DC Hospital Treating 23 Children for Rare Illness Linked to COVID-19

Pediatric multi-system inflammatory syndrome is a rare but serious condition believed to happen when the immune system goes into overdrive after a COVID-19 infection

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More than 20 pediatric patients are being treated for a mysterious illness linked to COVID-19 at Children's National Hospital in Washington, D.C., as doctors worldwide search for answers.

The hospital said Wednesday doctors are now treating 23 children for the rare but serious illness called multisystem inflammatory syndrome, or MIS-C. On May 12, there were just three patients with the illness at the hospital.

Virginia reported its first case of MIS-C on Tuesday in the Fairfax County area. In Maryland, there have been four cases of the illness, including a Baltimore County teenager who died.

Up to five children in New York may have died from MIS-C.

Symptoms are similar to a known issue called Kawasaki Disease, which could potentially damage the heart or blood vessels.

Dr. Roberta DeBiasi, the chief of infectious diseases at Children's National Hospital, is helping to treat the young patients.

"They tend to have no respiratory symptoms and are coming in with high fever, abdominal pain," she said in a previous interview with News4.

DeBiasi says the newly identified syndrome appears to be the result of a child's immune system's going into overdrive after a COVID-19 infection, even though some didn't know they had caught the virus.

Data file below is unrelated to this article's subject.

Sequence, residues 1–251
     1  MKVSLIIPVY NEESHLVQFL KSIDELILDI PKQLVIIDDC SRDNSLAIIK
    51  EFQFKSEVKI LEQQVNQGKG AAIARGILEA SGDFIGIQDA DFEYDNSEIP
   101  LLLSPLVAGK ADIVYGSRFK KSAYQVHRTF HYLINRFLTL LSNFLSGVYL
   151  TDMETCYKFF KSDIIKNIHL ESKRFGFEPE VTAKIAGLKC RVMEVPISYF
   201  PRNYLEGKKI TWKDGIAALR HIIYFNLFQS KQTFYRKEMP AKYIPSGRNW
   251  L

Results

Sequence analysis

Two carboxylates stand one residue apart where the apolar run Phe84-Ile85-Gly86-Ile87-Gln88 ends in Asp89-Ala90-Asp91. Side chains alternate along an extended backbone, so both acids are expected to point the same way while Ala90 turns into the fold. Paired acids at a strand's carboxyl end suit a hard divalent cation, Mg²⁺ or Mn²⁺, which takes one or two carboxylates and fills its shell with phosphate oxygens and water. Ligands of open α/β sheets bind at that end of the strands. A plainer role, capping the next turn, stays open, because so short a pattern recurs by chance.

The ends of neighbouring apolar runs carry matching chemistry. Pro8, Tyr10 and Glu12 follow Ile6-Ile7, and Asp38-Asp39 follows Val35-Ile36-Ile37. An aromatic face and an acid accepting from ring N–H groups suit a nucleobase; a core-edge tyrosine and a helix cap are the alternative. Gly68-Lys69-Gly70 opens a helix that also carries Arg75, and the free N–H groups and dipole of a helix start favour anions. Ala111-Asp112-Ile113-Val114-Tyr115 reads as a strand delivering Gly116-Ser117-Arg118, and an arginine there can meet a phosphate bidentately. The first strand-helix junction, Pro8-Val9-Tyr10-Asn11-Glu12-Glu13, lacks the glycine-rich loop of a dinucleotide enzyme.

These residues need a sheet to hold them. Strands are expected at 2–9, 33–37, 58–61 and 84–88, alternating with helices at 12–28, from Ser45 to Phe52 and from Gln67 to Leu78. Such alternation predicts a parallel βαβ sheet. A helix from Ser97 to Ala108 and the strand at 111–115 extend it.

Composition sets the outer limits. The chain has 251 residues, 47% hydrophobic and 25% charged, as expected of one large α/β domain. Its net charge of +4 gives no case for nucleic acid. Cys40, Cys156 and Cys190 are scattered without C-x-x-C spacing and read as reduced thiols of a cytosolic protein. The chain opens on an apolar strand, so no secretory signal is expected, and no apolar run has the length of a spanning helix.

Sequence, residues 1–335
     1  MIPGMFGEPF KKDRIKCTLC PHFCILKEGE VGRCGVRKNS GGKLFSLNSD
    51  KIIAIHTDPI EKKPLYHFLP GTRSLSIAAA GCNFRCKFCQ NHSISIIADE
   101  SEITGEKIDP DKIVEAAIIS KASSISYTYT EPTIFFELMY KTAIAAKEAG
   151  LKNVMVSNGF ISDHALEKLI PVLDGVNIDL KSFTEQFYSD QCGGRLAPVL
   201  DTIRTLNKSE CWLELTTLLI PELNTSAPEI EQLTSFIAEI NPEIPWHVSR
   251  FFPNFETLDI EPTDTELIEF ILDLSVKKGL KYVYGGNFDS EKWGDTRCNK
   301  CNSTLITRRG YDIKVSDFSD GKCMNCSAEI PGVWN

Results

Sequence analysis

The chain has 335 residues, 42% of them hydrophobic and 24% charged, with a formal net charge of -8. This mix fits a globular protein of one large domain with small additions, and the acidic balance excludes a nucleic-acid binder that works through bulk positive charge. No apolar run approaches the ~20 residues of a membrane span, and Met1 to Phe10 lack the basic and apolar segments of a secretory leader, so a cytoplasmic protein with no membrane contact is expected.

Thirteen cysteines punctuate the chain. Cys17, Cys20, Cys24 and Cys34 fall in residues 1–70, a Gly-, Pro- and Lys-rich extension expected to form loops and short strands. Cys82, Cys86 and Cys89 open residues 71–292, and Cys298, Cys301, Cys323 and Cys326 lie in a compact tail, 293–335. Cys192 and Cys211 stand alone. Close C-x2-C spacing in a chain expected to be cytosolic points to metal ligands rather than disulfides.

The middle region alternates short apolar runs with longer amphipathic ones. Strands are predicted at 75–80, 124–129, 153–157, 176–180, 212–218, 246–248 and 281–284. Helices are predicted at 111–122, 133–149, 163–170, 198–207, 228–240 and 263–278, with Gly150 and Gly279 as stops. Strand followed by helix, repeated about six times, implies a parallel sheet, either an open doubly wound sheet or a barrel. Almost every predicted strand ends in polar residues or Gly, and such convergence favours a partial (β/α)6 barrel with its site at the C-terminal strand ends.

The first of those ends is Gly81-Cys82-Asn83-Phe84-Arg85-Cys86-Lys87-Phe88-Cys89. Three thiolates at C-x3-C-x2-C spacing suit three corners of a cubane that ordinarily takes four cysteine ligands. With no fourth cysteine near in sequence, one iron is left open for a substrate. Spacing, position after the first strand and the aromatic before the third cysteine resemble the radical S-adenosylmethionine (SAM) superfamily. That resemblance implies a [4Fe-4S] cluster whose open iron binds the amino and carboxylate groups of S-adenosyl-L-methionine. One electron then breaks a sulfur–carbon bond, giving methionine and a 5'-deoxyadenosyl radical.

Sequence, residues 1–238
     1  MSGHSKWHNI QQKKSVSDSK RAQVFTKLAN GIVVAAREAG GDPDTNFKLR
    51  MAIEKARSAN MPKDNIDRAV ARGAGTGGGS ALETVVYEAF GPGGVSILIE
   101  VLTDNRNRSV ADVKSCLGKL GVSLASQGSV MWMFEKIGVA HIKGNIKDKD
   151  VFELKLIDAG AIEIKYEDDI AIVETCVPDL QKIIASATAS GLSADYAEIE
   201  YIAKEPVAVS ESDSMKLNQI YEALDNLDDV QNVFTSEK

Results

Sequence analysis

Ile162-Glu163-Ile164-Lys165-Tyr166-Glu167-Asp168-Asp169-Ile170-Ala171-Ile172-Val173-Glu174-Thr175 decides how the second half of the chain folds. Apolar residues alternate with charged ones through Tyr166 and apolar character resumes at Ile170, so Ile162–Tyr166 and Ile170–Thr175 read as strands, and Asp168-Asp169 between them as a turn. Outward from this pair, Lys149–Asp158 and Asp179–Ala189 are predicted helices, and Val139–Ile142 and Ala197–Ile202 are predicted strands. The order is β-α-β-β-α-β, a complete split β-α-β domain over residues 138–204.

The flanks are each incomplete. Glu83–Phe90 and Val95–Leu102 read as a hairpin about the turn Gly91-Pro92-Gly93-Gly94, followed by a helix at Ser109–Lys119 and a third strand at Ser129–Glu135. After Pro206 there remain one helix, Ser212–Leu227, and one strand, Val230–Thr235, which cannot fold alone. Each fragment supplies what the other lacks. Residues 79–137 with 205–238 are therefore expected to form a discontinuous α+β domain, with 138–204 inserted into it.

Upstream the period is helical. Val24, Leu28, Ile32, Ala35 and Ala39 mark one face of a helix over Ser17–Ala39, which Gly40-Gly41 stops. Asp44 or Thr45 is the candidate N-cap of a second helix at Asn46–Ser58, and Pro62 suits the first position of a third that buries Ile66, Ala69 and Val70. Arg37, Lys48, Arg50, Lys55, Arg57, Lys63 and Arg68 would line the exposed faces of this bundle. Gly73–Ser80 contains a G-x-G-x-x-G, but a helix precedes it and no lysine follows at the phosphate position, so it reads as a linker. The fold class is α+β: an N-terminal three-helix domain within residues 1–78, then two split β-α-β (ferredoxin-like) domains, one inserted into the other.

"Your body does what it usually does with antibodies to clear the infection, but then this response is either too much or too long or dysregulated so you're accidentally inflaming all these other parts of the body," DeBiasi said.

Pediatric multi-system inflammatory syndrome usually develops weeks after a coronavirus infection. Symptoms may include fever, rashes, abdominal and chest pain, changes to skin color and rapid heart rate.

MIS-C has been reported in at least 19 states and Washington, D.C. New York Gov. Andrew Cuomo says six European countries have also seen cases.

As doctors search for clues to this condition, they're also searching for ways to treat it.

"We're not sure yet, internationally, if we should be targeting the virus or targeting the immune response," DeBiasi said, noting different treatments are being used. But knowledge of similar conditions like Kawasaki Disease can help guide treatment.

The new syndrome is rare and most kids will recover, doctors say. But it's important to know the signs, call your health care provider with concerns and visit the emergency room if needed.

Two of the patients in the D.C. area were improving thanks to drugs that target the body's immune response, DeBiasi said.

The emerging syndrome highlights that doctors and researchers are still learning about the effects of the new coronavirus.

"Emerging viruses make people uncomfortable. Not just the patients, but also physicians," DeBiasi said.

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